forklifts/forklift1/isWeightLb asset property in AWS IoT SiteWise. This failure will occur not just from this detector, but all detectors that contain this AWS IoT SiteWise action. Our developer may think this is happening because their detectors have stopped receiving a heartbeat message. Instead, the detectors are receiving the heartbeat message, but are unable to handle
weight as a Boolean.
To find the root cause of this issue, our developer will:
- Enable logging in AWS IoT Events and check the detector’s logs in Amazon CloudWatch for incoming heartbeat messages.
- Verify that the declared data type of the
forklifts/forklift1/isWeightLbasset property in AWS IoT SiteWise is Boolean.
- Verify that the
isWeightLbattribute in the
HeartBeatinput in AWS IoT Events contains a Boolean value at runtime.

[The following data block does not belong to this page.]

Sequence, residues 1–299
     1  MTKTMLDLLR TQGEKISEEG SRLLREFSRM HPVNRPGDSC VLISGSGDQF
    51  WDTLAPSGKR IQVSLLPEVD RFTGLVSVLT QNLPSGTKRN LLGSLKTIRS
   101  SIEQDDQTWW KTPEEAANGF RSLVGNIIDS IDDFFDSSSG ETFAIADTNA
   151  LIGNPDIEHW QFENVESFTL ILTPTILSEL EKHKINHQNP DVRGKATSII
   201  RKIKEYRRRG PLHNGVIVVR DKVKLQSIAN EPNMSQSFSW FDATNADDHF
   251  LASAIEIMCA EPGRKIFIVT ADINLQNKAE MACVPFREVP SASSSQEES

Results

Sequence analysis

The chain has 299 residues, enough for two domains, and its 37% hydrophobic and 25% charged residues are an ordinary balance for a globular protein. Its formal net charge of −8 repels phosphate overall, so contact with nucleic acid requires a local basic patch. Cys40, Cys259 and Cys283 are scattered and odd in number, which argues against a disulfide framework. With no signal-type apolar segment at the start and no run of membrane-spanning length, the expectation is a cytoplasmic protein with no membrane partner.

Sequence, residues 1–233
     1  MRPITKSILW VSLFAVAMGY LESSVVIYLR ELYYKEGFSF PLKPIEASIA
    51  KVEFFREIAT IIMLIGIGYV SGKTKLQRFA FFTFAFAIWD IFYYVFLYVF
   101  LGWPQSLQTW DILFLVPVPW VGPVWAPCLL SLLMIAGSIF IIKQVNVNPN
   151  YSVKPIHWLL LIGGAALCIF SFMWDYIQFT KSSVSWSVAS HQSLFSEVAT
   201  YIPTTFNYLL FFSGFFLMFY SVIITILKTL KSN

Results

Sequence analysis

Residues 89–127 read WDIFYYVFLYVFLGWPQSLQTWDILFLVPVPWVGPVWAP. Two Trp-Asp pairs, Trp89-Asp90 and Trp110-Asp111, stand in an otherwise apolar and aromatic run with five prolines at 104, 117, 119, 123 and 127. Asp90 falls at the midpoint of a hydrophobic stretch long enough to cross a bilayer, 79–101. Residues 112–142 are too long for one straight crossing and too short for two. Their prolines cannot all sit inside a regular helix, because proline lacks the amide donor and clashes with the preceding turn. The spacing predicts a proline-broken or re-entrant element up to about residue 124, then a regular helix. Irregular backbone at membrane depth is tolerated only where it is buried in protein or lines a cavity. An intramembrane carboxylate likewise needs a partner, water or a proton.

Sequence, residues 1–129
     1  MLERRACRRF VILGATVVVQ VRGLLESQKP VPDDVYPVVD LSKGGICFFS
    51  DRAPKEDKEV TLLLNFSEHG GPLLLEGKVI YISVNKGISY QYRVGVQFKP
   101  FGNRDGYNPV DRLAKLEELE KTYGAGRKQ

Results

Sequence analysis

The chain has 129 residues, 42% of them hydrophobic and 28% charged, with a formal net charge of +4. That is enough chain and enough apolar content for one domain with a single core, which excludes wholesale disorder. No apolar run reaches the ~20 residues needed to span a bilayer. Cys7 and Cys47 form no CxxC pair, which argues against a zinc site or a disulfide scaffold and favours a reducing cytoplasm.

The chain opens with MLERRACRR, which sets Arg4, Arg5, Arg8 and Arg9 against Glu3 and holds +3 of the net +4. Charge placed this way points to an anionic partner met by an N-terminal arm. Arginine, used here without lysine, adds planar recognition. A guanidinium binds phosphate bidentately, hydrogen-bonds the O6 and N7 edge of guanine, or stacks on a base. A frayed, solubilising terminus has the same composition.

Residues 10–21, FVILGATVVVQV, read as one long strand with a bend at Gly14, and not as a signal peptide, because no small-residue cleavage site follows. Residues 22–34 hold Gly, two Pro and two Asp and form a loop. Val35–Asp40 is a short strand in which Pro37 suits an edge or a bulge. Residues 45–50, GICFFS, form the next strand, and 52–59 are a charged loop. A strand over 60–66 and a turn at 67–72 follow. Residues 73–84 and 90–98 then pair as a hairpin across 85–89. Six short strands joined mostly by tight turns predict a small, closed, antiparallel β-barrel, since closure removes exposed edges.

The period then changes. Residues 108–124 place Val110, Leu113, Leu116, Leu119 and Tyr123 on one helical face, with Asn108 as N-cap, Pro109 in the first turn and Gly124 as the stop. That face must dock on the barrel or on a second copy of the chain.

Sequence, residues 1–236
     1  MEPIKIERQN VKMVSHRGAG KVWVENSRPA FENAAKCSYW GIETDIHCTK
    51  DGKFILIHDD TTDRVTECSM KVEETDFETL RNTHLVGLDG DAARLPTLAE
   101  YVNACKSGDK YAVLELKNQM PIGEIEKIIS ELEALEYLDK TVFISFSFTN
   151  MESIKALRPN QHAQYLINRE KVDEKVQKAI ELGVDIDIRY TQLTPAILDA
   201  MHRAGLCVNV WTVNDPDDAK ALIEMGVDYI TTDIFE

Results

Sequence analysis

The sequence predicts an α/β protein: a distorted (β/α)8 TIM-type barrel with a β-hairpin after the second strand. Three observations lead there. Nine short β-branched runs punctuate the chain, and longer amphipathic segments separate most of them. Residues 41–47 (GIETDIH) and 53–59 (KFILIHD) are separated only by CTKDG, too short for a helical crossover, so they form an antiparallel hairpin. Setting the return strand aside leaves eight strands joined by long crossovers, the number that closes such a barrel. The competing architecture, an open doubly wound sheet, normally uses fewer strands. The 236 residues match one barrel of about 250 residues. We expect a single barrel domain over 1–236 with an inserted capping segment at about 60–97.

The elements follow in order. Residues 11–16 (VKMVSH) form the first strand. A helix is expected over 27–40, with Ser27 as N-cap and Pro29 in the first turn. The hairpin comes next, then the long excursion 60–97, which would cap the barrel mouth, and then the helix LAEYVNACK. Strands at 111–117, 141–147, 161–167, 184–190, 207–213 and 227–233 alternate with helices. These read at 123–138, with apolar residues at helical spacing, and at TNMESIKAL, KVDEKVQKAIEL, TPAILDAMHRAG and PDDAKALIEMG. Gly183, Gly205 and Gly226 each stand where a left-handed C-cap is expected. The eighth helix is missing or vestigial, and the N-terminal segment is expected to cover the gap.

However, none of these steps will reveal to our developer that their detector model mistakenly sends the
weight input attribute as a Boolean value to AWS IoT SiteWise, instead of the
isWeightLb input attribute.
To reduce such debugging pain, the troubleshooting feature of AWS IoT Events searches for inconsistencies between the expected and actual data types of input attributes in your detector model. For example, in this situation, the troubleshooting feature warns our developer that the inferred data type, integer, for
$input.HeartBeat.weight does not match the expected data type, Boolean, in the AWS IoT SiteWise action.
Troubleshooting data type errors
The AWS IoT Events expression language allows you to have input attributes and variables which need to have one of four primitive data types: integer, decimal, string, and Boolean. You do not declare data types for your input attributes or variables used in your detector model. The troubleshooting feature of AWS IoT Events can infer data types for them by analyzing their use within expressions in your detector model.
For example, consider that the Alert if too heavy event in the preceding detector model has the following condition,
$input.HeartBeat.weight > 4500. This expression compares an input attribute,